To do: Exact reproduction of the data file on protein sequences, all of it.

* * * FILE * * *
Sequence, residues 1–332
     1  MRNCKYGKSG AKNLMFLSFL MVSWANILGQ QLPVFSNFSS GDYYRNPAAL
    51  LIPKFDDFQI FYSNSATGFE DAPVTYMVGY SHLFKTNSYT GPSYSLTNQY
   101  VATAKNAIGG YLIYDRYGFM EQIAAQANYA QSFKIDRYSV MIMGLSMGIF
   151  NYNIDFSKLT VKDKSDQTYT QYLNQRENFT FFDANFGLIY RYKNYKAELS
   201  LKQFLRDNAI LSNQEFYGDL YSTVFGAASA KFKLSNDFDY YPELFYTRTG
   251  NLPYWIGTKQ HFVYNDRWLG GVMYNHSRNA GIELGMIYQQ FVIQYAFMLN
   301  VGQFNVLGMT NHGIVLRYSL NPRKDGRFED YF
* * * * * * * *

Sequence, residues 1–332
     1  MRNCKYGKSG AKNLMFLSFL MVSWANILGQ QLPVFSNFSS GDYYRNPAAL
    51  LIPKFDDFQI FYSNSATGFE DAPVTYMVGY SHLFKTNSYT GPSYSLTNQY
   101  VATAKNAIGG YLIYDRYGFM EQIAAQANYA QSFKIDRYSV MIMGLSMGIF
   151  NYNIDFSKLT VKDKSDQTYT QYLNQRENFT FFDANFGLIY RYKNYKAELS
   201  LKQFLRDNAI LSNQEFYGDL YSTVFGAASA KFKLSNDFDY YPELFYTRTG
   251  NLPYWIGTKQ HFVYNDRWLG GVMYNHSRNA GIELGMIYQQ FVIQYAFMLN
   301  VGQFNVLGMT NHGIVLRYSL NPRKDGRFED YF